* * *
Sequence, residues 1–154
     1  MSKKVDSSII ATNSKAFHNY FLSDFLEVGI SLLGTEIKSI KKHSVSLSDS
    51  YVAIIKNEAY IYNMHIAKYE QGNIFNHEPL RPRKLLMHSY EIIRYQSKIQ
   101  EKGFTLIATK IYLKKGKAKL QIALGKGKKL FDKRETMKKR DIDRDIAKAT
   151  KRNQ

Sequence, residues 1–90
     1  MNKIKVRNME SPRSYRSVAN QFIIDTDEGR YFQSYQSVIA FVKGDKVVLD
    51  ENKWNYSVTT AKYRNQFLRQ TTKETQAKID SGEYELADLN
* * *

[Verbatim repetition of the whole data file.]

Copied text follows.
Sequence, residues 1–154
     1  MSKKVDSSII ATNSKAFHNY FLSDFLEVGI SLLGTEIKSI KKHSVSLSDS
    51  YVAIIKNEAY IYNMHIAKYE QGNIFNHEPL RPRKLLMHSY EIIRYQSKIQ
   101  EKGFTLIATK IYLKKGKAKL QIALGKGKKL FDKRETMKKR DIDRDIAKAT
   151  KRNQ

Sequence, residues 1–90
     1  MNKIKVRNME SPRSYRSVAN QFIIDTDEGR YFQSYQSVIA FVKGDKVVLD
    51  ENKWNYSVTT AKYRNQFLRQ TTKETQAKID SGEYELADLN